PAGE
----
There’s a whole lot of password-sharing going on across Netflix’s customer base — and the streaming giant is eager to pocket a big chunk of change from the freeloading masses.
In reporting a huge subscriber miss — with a net loss of 200,000 for Q1 and a projected drop of 2 million for the second quarter — Netflix said that members who are sharing their login credentials outside the home are contributing to its slowing growth in 2022. The company estimated that legitimate Netflix passwords are being shared in violation of its rules with more than 100 million non-paying households worldwide, including over 30 million in the U.S. and Canada alone.
“Account sharing as a percentage of our paying membership hasn’t changed much over the years, but, coupled with [the slowing pace of broadband and connected TV adoption] means it’s harder to grow membership in many markets — an issue that was obscured by our COVID growth,” Netflix said in its letter to shareholders.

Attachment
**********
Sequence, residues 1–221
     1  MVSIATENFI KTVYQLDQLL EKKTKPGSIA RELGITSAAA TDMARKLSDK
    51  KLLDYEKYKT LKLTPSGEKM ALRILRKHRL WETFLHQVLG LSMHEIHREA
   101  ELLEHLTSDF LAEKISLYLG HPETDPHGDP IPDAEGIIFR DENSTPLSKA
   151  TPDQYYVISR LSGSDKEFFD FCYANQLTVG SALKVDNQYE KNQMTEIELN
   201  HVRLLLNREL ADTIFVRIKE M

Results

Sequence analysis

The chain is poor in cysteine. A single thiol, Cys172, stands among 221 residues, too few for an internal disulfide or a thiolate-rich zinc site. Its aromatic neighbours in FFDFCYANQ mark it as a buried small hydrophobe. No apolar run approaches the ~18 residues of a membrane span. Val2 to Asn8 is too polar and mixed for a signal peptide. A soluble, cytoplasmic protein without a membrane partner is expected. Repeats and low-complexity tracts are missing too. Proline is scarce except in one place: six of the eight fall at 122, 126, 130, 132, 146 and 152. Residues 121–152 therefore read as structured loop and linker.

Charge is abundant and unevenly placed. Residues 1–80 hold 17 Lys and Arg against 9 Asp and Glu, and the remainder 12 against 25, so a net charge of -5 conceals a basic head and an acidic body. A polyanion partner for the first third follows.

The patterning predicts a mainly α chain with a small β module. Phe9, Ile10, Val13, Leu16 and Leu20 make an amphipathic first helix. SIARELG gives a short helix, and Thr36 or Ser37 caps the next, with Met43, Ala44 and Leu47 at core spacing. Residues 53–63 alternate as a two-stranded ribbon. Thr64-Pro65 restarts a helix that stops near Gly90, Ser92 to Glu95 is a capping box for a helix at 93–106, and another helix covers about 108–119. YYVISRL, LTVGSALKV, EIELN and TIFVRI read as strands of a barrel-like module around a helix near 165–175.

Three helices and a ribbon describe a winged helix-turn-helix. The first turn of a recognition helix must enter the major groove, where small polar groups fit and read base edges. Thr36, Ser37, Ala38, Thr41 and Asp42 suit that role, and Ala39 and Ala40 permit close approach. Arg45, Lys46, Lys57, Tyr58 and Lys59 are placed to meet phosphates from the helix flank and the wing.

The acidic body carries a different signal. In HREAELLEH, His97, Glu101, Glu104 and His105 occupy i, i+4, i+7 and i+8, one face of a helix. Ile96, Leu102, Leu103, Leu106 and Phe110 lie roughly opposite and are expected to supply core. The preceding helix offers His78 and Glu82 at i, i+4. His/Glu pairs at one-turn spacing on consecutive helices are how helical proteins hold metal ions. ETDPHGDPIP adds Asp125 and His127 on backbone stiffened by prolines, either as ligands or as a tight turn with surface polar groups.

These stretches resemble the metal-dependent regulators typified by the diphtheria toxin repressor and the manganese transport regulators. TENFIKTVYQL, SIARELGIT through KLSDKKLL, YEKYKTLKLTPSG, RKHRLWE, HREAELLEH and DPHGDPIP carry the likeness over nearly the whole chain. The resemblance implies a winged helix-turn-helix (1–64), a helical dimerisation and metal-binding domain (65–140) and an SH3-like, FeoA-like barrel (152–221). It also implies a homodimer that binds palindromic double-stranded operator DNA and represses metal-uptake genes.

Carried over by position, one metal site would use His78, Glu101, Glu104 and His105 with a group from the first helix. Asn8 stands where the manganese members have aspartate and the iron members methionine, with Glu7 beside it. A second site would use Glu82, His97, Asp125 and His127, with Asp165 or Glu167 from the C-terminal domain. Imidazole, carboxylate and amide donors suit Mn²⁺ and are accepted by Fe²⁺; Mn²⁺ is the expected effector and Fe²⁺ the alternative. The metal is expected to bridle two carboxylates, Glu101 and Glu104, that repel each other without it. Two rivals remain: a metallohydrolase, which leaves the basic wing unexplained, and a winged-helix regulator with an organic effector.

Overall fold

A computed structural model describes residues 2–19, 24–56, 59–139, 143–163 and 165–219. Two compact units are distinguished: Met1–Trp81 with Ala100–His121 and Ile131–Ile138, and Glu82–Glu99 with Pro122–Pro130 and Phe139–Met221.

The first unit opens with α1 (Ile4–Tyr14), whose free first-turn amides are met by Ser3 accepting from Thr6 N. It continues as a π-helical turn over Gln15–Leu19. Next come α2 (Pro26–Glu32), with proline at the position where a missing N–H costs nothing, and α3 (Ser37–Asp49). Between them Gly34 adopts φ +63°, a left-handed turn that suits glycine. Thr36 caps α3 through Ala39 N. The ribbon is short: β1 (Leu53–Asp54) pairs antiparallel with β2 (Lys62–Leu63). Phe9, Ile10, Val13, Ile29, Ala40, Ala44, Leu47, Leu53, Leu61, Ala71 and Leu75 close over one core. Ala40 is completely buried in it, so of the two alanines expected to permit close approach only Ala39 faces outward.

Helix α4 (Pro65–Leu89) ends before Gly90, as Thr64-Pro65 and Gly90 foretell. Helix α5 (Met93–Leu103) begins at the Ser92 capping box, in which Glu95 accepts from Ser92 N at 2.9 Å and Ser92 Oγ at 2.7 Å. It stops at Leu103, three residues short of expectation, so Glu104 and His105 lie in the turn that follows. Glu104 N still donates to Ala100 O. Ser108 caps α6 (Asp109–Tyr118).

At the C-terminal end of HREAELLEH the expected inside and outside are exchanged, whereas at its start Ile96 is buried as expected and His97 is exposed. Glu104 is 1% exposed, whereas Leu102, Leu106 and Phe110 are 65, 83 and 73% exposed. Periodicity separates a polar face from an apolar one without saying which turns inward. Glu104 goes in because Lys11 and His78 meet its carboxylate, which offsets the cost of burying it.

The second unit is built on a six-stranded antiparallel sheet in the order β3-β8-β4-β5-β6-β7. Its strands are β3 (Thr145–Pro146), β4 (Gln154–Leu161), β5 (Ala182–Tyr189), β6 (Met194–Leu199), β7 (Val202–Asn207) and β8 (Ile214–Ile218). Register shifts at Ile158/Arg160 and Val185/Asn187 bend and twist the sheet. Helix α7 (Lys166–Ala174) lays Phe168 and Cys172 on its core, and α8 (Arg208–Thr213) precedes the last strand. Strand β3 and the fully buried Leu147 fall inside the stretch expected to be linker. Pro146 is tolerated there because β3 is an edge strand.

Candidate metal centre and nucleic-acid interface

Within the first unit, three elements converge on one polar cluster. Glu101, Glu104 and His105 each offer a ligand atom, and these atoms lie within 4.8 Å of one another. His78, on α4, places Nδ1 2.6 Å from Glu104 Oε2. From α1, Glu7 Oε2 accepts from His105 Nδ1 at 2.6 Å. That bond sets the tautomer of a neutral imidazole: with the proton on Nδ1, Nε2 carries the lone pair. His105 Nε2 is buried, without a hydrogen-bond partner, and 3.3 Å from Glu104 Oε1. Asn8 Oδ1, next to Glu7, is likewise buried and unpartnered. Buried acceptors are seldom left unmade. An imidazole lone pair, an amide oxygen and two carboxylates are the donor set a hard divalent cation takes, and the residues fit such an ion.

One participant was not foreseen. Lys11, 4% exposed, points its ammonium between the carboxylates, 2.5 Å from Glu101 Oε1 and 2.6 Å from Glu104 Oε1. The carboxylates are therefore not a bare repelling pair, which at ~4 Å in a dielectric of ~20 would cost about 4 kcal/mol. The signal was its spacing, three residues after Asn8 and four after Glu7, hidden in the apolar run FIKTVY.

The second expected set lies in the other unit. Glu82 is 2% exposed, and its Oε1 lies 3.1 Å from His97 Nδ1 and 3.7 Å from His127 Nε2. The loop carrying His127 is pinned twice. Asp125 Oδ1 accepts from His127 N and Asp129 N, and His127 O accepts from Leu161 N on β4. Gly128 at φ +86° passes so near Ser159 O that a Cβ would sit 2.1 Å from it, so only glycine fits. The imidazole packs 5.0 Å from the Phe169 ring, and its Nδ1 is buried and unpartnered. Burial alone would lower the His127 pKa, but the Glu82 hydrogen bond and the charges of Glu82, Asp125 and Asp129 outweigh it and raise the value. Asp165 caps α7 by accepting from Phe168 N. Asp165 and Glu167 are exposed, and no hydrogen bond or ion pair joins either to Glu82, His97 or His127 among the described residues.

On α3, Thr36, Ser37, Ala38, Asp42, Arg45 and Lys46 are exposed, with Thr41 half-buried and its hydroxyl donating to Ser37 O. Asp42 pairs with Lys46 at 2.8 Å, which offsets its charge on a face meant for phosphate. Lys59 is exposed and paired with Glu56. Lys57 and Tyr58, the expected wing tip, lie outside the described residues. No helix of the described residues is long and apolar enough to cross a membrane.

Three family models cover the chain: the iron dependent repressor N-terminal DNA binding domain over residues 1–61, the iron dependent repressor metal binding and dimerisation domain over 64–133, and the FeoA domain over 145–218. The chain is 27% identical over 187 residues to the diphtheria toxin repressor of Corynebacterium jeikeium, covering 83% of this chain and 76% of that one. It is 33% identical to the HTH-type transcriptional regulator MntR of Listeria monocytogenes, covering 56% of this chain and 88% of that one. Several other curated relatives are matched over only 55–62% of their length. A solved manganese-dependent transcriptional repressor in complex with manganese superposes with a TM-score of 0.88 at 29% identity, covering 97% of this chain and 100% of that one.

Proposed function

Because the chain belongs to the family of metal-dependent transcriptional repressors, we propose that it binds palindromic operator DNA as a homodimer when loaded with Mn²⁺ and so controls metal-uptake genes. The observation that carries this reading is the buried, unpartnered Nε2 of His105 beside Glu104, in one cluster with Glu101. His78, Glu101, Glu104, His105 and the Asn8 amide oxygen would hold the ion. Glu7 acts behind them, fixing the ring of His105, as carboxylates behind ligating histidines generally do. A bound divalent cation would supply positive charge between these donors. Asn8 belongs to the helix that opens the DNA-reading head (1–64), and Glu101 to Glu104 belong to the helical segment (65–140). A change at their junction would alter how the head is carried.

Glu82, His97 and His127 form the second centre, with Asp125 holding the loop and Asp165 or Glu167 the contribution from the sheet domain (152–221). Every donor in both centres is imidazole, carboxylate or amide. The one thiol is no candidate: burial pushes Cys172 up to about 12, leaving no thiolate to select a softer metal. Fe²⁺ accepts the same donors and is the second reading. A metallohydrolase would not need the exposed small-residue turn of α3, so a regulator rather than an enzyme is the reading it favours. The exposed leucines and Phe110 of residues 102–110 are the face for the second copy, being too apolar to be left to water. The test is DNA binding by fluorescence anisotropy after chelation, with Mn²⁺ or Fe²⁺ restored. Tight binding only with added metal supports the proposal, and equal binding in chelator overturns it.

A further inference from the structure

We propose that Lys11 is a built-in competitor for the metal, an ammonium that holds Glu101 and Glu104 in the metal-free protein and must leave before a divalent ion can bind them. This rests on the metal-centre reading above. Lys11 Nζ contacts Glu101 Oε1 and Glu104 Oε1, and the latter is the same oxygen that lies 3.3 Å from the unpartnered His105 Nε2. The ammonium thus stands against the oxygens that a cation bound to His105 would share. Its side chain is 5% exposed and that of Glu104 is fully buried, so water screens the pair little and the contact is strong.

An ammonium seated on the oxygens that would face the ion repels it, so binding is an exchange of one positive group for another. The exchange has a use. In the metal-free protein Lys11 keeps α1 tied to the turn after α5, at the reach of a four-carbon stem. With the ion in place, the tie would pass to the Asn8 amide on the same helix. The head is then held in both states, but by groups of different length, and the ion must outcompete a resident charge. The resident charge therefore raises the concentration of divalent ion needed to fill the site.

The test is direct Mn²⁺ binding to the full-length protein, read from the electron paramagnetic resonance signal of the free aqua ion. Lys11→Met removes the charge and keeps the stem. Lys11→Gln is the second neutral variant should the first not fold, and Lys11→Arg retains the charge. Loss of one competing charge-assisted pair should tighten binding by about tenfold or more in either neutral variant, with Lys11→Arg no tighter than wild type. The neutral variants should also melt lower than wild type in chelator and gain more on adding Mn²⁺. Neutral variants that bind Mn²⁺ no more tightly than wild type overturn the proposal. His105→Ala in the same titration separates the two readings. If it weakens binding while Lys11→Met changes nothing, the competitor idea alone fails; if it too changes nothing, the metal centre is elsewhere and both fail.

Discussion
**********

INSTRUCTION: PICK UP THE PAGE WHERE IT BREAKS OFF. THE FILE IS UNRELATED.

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Netflix said it is focused on “how best to monetize sharing,” calling it “a big opportunity as these households are already watching Netflix and enjoying our service.”
Last month, Netflix announced the launch of tests in three Latin America countries (Chile, Costa Rica and Peru) to address password sharing. Customers are able to add up to two Extra Member accounts for about $2-$3/month each, on top of their regular monthly fee. According to estimates by Wall Street firm Cowen & Co., if Netflix rolls the program out globally, it could reap an incremental $1.6 billion in global revenue annually.
“Sharing likely helped fuel our growth by getting more people using and enjoying Netflix. And we’ve always tried to make sharing within a member’s household easy, with features like profiles and multiple streams,” Netflix said in its Q1 shareholder letter. “While these have been very popular, they’ve created confusion about when and how Netflix can be shared with other households.”
The test in Latin America is aimed at clearing the air over what Netflix deems OK in terms of sharing account access. “There’s a broad range of engagement when it comes to sharing households from high to occasional viewing. So while we won’t be able to monetize all of it right now, we believe it’s a large short- to mid-term opportunity,” the company said. “As we work to monetize sharing, growth in ARM [average revenue per membership], revenue and viewing will become more important indicators of our success than membership growth.”